To understand how road numbers ended up the way they did, you need to understand the context in which they were introduced. Originally, A and B roads were going to be just like C roads are today - the council needs to know where they are so it can pinpoint indicents on them, but you don't see them on the signs. It was fairly late in the day that the decision was taken to publish the numbers on MOT Maps and put them sporadically
on fingerposts. I'd be prepared to bet a Brynwich that no signpost for the A687 (Scotch Corner - Darlington)
was ever manufactured. The flagship OS map of the time, the Popular Edition, was still concentrating on showing which roads were the best quality, as opposed to where all the traffic went.
That's how you ended up with all these really short and unnoticeable 4 digit roads that some of us delight in unearthing, like the A3039 (Axminster)
, or the A4 ending almost randomly in the middle of Bath by the old Post Office.
Even then, it wasn't really until the early 1930s that the Pre-Warboys direction signs appeared in earnest, at which point, particularly after the A30 got downgraded to the B3400, that local divisional engineers actually noticed where all the road numbers really went, decided a significant amount of it was bonkers (particular scorn was placed on 4 digit A roads like the A3039), got the 1935 Road numbering revision
In fact, if you read through the archive files, you really get a sense of the political situation involving some of the numberings - they weren't just fiddling things around on a map! Particularly regarding the very early rerouting of the A1 via Scotch Corner, this wasn't just "getting the route wrong", there was real anger and contempt to the MOT in London from local folk in North Yorkshire about sending the A1 via Northallerton, and a massive storm in a teacup ensued to get it changed.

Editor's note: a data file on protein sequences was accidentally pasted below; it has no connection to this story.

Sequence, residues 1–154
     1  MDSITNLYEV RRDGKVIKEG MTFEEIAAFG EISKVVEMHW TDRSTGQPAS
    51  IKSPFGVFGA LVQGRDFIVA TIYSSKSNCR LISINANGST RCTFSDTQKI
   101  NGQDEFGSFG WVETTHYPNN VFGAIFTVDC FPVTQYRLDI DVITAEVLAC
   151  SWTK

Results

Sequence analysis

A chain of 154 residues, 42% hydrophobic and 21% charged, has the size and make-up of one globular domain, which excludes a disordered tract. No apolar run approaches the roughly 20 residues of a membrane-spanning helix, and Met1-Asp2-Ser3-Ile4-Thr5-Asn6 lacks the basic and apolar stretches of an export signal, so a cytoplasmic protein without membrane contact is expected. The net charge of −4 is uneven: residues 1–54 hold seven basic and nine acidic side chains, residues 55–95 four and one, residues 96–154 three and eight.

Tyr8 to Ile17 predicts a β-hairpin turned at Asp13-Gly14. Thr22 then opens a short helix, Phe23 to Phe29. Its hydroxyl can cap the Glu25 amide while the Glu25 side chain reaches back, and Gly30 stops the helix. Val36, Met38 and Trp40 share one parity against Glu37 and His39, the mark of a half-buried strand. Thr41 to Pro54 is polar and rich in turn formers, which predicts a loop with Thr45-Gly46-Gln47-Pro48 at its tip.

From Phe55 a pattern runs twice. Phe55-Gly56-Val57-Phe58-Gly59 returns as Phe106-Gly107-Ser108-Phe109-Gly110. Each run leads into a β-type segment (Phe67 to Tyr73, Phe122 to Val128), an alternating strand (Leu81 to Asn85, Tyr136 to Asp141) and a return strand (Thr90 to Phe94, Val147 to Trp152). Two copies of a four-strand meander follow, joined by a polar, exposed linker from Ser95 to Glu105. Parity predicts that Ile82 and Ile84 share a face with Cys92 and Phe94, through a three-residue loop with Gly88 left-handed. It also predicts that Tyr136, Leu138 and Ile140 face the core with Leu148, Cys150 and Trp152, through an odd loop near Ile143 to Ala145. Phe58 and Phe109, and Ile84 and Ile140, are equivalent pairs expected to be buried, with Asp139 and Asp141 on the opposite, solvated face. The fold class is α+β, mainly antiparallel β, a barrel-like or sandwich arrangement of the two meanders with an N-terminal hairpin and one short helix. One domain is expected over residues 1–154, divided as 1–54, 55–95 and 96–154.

Regarding the A354 taking over the A37 to Weymouth, I can quote directly from the MOT
On 8th May, 1947, The Engineering (Highways) Division wrote:
With reference to your minute dated 30th April, the alteration in route numbering whereby A.354 was extended to Weymouth and Portland was influenced by considerations of flow of traffic and the desirability of putting these places in more direct contact with London and the home Counties. As will have been seen from the Traffic census returns, comparatively few vehicles join the Dorchester - Weymouth road from the direction of Bristol.
I'd imagine the route of the A417 was chosen in a similar way, at the time, years before the M4 or any bypasses, it probably indicates that in 1935, the best route from Reading to Gloucester was via Pangbourne and Wantage, rather than right through the middle of Newbury, Hungerford and Swindon. Perfect sense when you look at it like that!tl;dr
- Numbering made sense for the circumstances of the time. But circumstances change.